On Wednesday, July 11, the Los Angeles Lakers officially signed point guard Steve Nash to a three-year deal worth close to $27 million. The team now features Nash, Kobe Bryant, Pau Gasol, and Andrew Bynum in its starting lineup. Unfortunately, those four players' contracts combined put the team over the salary cap for next season.
Understanding the salary cap
Under the old collective bargaining agreement (CBA), it wouldn't have been a big deal for the Lakers to maintain a payroll higher than the salary cap. As shown by ESPN's Larry Coon, the team had a $19.9 million luxury tax bill in 2011. However, if the updated luxury tax system had been in place for last season, the Lakers would have owed $44.68 million. That's one reason why the team was busy trying to reduce payroll throughout the past seven months. The 2011 CBA made it far more difficult for free-spending clubs to sign the players they want.
The current Lakers
The Lakers have a lot of decisions to make about their roster for 2012-2013. In addition to the estimated $72.3 million they are paying Bryant, Gasol, Nash, and Bynum, the Lakers have another $14.35 million invested in Metta World Peace, Steve Blake, and Josh McRoberts. That puts the payroll at $86.65 million, which is close to $16 million over the luxury tax threshold, and that's not including the remaining players on the roster.
That's why I think Lakers fans should be careful with their expectations for next season. General manager Mitch Kupchak has proven that he's still willing to bring in star players, but that might mean putting an even weaker bench on the floor than last season.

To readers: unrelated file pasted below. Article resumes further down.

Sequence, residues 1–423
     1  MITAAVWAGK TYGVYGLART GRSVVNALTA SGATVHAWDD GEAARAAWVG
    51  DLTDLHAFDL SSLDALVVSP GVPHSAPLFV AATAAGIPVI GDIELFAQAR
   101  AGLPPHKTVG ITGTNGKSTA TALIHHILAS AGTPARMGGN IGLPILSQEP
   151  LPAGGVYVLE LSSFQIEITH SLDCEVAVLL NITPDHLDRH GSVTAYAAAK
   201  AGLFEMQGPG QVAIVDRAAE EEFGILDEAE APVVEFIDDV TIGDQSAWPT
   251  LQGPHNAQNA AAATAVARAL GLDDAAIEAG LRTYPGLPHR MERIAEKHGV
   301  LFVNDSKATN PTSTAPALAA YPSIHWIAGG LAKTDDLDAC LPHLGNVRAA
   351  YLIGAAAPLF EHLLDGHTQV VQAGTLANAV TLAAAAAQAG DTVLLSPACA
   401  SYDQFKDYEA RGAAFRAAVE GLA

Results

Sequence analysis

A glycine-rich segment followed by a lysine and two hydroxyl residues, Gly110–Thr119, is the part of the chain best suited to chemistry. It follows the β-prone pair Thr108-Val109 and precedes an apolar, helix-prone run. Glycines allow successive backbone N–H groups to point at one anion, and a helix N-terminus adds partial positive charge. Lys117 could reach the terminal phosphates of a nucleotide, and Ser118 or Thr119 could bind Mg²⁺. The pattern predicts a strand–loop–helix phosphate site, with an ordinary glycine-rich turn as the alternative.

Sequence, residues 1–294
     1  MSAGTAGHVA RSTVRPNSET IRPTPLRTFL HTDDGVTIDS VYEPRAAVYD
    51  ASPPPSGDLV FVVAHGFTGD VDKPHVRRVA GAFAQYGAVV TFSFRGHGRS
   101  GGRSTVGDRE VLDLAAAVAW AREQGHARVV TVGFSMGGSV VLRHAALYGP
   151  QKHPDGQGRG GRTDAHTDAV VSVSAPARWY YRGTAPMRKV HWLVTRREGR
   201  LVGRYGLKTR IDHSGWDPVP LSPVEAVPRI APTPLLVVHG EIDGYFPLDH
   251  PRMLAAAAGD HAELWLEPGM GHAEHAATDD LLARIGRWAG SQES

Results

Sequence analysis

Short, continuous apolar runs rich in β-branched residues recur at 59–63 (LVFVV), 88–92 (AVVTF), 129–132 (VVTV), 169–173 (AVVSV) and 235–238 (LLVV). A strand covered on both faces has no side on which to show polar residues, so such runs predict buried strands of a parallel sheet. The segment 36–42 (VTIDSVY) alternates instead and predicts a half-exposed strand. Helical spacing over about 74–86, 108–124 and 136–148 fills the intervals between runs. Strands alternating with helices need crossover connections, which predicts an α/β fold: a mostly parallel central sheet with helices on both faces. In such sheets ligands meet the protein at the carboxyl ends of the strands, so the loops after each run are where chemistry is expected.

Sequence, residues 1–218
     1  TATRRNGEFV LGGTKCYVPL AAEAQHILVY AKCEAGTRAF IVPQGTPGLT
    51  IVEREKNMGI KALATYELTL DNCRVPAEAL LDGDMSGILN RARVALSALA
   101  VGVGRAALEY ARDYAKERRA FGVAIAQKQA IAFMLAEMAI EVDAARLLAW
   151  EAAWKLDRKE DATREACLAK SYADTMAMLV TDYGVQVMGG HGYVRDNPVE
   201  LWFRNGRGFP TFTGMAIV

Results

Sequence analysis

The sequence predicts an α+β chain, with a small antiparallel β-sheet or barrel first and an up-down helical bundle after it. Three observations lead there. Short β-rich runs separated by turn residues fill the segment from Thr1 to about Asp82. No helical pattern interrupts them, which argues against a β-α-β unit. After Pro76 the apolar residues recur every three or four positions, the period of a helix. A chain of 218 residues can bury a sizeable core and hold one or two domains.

Of course, Bryant and Nash might be able to convince some free agents to take a pay cut for a chance to win a title in Los Angeles. The Miami Heat were able to sign veteran players at below market value after Chris Bosh and LeBron James joined the team two years ago. There's reason to believe that could happen with the Lakers. It's something to keep an eye on.
Even if the Lakers are able to piece together a decent bench for next season, the CBA will pose further issues for them in 2013-2014 if they don't get out of the luxury tax threshold. That's when the incremental tax portion of the new CBA takes effect, which would more than double the Lakers' luxury tax. I can see the team paying it for one year if it means winning a title, but I'd expect the Lakers to clean house when the 2014 season is over. If not, the team runs the risk of becoming a repeat salary cap offender, which would raise its luxury tax bill even higher. For example, Coon noted that if the Lakers entered the 2011 season as a repeat offender under the new CBA, they would have owed $64.58 million. That's a far cry from the $19.9 million they actually paid.
None of this is meant to scare Lakers fans. I'm sure that Kupchak will figure everything out and keep the club contending well into the future. However, Lakers fans had better enjoy the next two seasons with this team because changes are coming sooner rather than later.
Derek Ciapala has been a fan of the Los Angeles Lakers since childhood. His favorite Lakers' moment is when they beat the Detroit Pistons 108-105 in Game 7 of the 1988 NBA Finals. You can follow him on Twitter @dciapala or on Facebook.